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File System of Mac OS X Akila sivapathasekaran Poly ID: 0479990 CS 6233, Spring 2012 Polytechnic Institute of Newyork University

Contents
Part I ....................................................................................................................................................... 4 1. 2. 3. 4. 5. 6. 7. 8. 9. 9.1. 9.2. 9.3. 9.4. 9.5. Abstract ....................................................................................................................................... 4 Introduction and history .............................................................................................................. 4 File System Concepts ................................................................................................................... 4 Apple Partitioning Scheme .......................................................................................................... 4 Disk Arbitration............................................................................................................................ 5 File Descriptors ........................................................................................................................... 5 Disk Images ................................................................................................................................. 5 Virtual File System Layer............................................................................................................. 5 File System Types........................................................................................................................ 6 MS-DOS ....................................................................................................................................... 6 New Technology File System ...................................................................................................... 6 Universal Disk Format ................................................................................................................ 6 Apple filing Protocol .................................................................................................................. 6 Hierarchical File System Plus ..................................................................................................... 6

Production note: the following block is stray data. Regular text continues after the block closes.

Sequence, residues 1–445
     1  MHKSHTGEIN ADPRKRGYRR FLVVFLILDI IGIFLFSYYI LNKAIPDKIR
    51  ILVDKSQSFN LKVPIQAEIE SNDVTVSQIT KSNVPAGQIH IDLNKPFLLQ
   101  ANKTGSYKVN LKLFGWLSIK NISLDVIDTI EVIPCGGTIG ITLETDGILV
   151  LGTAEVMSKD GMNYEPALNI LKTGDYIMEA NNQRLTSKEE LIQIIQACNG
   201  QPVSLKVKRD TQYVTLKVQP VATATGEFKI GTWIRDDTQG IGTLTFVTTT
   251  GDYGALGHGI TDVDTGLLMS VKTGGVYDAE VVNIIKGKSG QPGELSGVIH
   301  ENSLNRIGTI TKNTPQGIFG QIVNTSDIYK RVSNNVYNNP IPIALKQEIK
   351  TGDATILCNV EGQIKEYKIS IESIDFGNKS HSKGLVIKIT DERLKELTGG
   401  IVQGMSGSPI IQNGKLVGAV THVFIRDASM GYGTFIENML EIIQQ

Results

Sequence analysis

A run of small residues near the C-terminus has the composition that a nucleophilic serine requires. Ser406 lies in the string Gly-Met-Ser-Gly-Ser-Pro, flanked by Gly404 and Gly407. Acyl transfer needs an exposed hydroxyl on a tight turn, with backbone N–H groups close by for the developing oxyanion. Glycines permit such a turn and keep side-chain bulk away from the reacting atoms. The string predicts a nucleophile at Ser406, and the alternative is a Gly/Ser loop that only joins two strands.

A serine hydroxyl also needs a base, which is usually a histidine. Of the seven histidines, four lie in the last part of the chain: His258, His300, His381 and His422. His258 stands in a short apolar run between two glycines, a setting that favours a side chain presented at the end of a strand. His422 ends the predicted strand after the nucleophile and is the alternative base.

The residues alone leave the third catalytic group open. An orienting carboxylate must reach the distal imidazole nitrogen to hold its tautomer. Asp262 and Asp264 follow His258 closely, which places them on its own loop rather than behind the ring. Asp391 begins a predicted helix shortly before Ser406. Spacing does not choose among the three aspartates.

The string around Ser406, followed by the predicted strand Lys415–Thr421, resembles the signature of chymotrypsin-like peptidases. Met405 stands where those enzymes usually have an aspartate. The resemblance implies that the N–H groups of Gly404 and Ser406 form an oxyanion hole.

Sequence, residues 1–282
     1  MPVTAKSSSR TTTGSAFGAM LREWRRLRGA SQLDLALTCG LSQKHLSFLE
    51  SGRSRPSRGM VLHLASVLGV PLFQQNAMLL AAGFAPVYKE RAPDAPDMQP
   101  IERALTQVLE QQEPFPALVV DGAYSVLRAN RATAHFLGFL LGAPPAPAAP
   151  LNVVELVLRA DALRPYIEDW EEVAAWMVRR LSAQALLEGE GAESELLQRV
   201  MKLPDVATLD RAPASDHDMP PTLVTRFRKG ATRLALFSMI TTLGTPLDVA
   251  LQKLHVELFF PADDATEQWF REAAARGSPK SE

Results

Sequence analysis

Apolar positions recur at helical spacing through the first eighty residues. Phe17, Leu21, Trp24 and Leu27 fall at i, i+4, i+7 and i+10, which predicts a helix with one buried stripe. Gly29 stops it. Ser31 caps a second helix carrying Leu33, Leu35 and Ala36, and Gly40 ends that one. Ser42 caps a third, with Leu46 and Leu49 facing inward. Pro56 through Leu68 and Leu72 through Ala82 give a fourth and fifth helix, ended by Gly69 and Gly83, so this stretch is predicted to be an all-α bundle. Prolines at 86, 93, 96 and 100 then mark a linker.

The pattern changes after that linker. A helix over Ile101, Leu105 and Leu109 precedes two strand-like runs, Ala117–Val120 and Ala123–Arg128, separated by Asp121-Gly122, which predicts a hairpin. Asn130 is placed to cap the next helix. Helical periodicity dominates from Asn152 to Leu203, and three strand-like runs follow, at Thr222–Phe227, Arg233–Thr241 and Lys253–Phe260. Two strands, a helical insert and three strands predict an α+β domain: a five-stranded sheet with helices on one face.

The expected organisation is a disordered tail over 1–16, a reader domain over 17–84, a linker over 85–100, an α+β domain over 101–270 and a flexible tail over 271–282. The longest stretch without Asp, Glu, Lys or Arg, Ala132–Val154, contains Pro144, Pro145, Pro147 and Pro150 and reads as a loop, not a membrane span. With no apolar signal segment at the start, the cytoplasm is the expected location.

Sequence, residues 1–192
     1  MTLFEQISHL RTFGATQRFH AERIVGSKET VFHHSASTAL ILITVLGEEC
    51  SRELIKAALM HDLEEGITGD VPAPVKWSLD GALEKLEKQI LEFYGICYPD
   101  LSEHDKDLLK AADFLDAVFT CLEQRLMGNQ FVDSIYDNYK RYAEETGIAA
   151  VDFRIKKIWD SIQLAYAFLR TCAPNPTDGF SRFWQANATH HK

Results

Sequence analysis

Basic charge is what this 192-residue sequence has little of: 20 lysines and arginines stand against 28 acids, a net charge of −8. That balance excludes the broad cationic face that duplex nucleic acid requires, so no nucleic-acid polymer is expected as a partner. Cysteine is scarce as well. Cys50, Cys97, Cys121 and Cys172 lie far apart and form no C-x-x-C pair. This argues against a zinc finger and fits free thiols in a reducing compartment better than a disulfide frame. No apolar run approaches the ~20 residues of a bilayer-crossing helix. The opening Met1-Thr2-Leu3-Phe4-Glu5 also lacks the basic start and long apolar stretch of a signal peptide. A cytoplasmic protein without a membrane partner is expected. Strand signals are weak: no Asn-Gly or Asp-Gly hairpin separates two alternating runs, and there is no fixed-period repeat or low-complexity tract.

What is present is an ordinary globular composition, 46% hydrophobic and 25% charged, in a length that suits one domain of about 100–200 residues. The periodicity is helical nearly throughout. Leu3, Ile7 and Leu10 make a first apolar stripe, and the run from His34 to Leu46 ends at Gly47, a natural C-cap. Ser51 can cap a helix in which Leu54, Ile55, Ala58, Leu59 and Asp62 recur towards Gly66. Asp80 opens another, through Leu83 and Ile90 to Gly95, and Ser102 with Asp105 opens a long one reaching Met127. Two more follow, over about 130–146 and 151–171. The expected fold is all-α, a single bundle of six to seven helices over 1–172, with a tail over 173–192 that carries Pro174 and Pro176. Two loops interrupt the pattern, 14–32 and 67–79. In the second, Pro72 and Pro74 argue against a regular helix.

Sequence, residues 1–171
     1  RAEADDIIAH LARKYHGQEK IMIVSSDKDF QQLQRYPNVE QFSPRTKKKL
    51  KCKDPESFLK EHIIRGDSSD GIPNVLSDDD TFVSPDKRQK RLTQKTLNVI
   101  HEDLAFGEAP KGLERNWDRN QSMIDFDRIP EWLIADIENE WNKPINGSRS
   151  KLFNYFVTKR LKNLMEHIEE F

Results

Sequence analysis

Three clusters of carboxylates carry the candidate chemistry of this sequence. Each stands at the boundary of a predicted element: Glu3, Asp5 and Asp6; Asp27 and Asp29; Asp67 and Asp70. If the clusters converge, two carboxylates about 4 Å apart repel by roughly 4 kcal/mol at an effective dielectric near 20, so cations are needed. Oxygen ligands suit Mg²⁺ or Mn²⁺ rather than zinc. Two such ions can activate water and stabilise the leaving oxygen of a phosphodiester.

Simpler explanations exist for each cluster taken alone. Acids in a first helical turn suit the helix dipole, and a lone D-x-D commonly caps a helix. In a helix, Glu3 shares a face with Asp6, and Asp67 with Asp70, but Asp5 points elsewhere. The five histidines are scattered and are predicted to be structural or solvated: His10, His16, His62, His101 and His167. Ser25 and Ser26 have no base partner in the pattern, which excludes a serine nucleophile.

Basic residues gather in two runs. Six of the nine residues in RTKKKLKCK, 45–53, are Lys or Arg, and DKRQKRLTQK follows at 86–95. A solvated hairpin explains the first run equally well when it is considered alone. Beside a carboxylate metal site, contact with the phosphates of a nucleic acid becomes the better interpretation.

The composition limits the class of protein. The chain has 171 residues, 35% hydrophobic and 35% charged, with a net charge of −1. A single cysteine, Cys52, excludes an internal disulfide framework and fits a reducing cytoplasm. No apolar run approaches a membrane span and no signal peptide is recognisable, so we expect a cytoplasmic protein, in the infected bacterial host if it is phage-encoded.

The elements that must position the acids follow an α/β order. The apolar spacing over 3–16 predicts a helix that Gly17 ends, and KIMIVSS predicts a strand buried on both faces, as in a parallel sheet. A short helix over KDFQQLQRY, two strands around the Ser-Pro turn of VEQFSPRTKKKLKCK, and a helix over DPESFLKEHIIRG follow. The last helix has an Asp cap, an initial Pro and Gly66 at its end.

Part II ...................................................................................................................................................... 7 10. 10.1. 10.2. 10.3. 10.4. 10.5. 10.6. 10.6.1. 10.6.2. 10.6.3. 10.6.4. 10.6.5. 10.7. 10.7.1. 10.7.2. Hierarchical File System Plus Filing System ............................................................................... 7 Features .................................................................................................................................... 7 Structure of HFS+ file system .................................................................................................... 7 Reserved Areas.......................................................................................................................... 8 Volume Header ......................................................................................................................... 8 HFS Wrapper ............................................................................................................................. 8 Special files ................................................................................................................................ 8 Allocation File ............................................................................................................................ 8 Catalog File ................................................................................................................................ 8 Extent Overflow File .................................................................................................................. 9 Attribute File ............................................................................................................................. 9 Startup File ................................................................................................................................ 9 Examining HFS+ features ......................................................................................................... 9 Case Sensitivity.......................................................................................................................... 9 File Encoding .......................................................................................................................... 10

10.7.3. 10.7.4. 10.7.5. 10.7.6. 10.7.7. 10.8. 10.8.1. 10.8.2. 11. 12.